The Land Below Sacramento

Sacramento’s notoriously flat terrain actually hides a complex landscape of high and dry land, interwoven with low and wet land. Although “City of the Plain” appears featureless at first glance, a volatile alluvial fan dominates Sacramento’s perch on the banks of its namesake river. A restless smaller branch, presently called the American, jumped its banks most winters and found entirely new channels during the greatest floods. Its meanderings built up layers of mud, gravel and hardpan from below the modern sea level.

My expertise is not where any particular species lived. I’m not sure exactly what sort of ecological niches existed in which spots, although I do know where a lot of vernal pools and salt flats, creeks and sloughs used to be. I can’t tell you how many sycamores or tule elk used to live here. I’m just here to tell you that a vast legion of creatures was lost in the process of building this city.

Whatever you believe about who or what created the world, the land on which we are walking is a desecrated work of art. Don’t get me wrong: The whole earth is holy, but the Sacramento landscape is really sublime.

The shifting rivers created a complex web of wet and dry land, where plants adjusted to varying annual moisture. A given spot might sit under water for weeks in one year, then experience only light rainfall the next. A few dozen feet away would be an entirely different situation. Everything depended on overflow – how often and how strongly the rivers jumped their banks.

The land under Sacramento was once home to hordes of wildlife that are difficult for us moderns to imagine. The closest thing is probably the morning departure at one of the valley’s wildlife refuges, when huge swarms of migrating birds take to the air. If you haven’t ever made the pilgrimage to glimpse these restored remnants of the primordial valley, please do.

Sacramento’s dynamic confluence provided an abundant and challenging place for humans to live, prompting creative approaches to raising the terrain – by the Nisenan people as well as the Settlers who displaced them. The Nisenan built earthworks to gain precious elevation. They lived in a string of villages, including Pujune, Sekumne, Yalesumne and Kadema. The Settlers carelessly traced streets across the wetlands, later forcing the physical raising of the city core. Even so, Sacramento City was an extraordinarily bad place for a settlement, and frequent floods made its survival an ongoing matter of debate. This city was built on a bad gamble and could not tolerate competition. And so even Settler communities were wiped off the map: Sutterville, Boston, Brighton, Norristown and Hoboken had to go, along with the Russian Embarcadero, Calle de los Americanos and the original confluence waterfront –now a strip of forlorn and forgotten ruins north of Old Sacramento.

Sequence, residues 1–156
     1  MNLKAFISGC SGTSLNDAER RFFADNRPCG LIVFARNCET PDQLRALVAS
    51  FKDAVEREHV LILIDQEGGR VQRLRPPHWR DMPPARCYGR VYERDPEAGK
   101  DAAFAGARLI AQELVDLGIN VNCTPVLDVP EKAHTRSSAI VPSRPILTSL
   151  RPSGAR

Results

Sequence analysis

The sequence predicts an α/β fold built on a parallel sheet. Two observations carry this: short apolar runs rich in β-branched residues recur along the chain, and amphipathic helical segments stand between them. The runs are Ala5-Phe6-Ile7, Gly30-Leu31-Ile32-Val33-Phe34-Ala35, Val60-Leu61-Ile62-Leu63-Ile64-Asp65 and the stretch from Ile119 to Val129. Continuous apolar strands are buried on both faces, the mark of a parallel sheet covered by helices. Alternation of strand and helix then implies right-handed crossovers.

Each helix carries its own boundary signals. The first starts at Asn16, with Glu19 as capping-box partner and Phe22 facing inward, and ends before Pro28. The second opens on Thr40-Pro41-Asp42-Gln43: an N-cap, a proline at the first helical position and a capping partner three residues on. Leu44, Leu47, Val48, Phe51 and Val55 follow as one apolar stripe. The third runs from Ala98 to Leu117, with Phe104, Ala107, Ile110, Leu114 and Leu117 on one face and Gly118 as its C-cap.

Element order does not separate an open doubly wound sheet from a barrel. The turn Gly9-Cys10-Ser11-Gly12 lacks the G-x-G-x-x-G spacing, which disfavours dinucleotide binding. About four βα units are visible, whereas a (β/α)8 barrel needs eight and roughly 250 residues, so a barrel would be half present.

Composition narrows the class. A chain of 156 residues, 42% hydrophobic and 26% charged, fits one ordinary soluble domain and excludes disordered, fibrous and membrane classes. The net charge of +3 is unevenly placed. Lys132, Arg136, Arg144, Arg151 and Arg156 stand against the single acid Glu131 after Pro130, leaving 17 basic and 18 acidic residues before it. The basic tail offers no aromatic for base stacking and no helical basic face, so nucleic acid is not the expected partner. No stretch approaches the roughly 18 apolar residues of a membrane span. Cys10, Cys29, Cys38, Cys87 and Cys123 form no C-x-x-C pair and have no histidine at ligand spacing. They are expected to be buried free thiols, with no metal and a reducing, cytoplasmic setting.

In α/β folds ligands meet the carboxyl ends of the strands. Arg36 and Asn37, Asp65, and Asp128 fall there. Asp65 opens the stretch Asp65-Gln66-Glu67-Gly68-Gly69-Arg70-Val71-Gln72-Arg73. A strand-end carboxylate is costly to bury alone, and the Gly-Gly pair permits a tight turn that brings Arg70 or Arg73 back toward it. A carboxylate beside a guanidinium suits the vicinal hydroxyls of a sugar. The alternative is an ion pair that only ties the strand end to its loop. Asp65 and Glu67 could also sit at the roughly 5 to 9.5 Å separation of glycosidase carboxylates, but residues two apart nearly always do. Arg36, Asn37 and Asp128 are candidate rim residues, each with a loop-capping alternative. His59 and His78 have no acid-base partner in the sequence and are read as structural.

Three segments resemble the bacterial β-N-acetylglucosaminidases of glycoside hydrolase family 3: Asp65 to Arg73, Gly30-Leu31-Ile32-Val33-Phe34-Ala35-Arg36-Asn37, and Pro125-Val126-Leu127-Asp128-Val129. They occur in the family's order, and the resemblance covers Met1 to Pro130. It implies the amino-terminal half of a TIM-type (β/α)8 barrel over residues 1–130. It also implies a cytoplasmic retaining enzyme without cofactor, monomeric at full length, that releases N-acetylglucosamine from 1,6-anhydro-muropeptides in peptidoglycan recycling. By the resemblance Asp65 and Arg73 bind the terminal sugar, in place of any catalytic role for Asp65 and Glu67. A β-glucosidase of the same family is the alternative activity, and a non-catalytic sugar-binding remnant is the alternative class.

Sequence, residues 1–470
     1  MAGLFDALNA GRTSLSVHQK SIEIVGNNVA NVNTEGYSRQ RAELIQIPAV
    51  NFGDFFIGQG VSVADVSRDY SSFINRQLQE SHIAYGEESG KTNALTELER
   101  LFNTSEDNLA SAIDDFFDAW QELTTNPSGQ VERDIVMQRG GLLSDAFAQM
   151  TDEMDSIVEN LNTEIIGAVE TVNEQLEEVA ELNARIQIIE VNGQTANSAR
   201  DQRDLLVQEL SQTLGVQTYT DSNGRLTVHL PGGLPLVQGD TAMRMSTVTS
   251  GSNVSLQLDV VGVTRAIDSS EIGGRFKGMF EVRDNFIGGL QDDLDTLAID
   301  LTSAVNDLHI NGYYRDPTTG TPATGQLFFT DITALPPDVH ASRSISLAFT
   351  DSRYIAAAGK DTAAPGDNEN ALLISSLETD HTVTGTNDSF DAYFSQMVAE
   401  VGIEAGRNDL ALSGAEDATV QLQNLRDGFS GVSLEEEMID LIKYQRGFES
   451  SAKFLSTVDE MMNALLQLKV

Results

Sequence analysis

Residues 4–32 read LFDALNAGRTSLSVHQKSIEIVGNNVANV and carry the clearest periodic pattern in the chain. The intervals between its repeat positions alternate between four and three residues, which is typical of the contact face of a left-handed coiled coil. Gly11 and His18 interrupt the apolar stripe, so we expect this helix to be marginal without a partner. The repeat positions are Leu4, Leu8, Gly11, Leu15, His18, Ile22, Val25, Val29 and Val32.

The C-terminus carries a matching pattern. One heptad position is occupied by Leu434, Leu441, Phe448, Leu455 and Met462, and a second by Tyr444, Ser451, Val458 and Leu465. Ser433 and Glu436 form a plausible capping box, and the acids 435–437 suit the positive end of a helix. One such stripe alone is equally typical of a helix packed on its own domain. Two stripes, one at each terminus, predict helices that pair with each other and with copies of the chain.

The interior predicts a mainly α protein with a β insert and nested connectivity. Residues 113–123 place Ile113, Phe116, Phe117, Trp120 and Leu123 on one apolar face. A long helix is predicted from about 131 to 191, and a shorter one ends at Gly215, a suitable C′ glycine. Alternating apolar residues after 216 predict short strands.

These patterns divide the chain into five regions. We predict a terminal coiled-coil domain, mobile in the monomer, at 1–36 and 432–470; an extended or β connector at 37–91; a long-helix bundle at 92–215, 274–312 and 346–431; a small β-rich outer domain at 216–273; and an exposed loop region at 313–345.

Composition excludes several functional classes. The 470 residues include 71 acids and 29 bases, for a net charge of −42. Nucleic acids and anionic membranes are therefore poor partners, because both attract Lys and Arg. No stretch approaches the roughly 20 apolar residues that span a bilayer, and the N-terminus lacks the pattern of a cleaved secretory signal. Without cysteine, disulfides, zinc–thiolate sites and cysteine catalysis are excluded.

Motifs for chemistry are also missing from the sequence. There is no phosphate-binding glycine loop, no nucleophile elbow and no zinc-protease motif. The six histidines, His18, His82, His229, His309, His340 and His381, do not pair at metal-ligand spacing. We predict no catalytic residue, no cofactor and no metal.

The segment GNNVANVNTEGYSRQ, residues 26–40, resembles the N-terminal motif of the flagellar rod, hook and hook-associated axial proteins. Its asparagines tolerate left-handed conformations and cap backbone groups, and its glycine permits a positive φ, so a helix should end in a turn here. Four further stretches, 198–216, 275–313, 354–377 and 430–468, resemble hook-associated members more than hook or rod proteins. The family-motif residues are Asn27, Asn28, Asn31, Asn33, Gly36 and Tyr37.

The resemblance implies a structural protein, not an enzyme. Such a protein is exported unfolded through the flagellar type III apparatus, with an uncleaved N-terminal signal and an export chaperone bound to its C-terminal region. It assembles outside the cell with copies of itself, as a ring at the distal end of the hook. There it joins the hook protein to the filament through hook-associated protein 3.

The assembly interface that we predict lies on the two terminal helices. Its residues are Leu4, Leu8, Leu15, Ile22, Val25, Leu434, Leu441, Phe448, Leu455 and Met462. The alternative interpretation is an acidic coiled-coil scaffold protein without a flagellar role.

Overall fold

Sacramento City itself was plagued by frequent severe flooding, title issues and unrest that peaked with the August 1850 Squatters Riot and continued for at least two decades. It was quickly clear that this was no place to put a city. Nevertheless, sunk costs demanded the continuation of this foolish enterprise, and forgetting that there were other ways to live here. Relics of these alternate arrangements hint at a more intelligent relationship with a dynamic landscape, and a more resilient future.

This interactive map peels away the last two centuries of change, and seeks to unveil this place called Sacramento – a complex interplay of land and water that has been largely obliterated. It is a work in progress, and attempts to represent imprecise things with crisp lines. Please take it with a grain of salt, but recognize that the features depicted are real. You can see the land below Sacramento, in person, in a variety of places – such as the river channel that is hidden in plain sight at 39th St. Light Rail Stop, 40th & H, or Folsom & 52nd. Future maps will explore the placement of early settlements – mostly forgotten – and hopefully help spur conversation about how Sacramento looks, and how it could exist in a more sensitive and resilient way.

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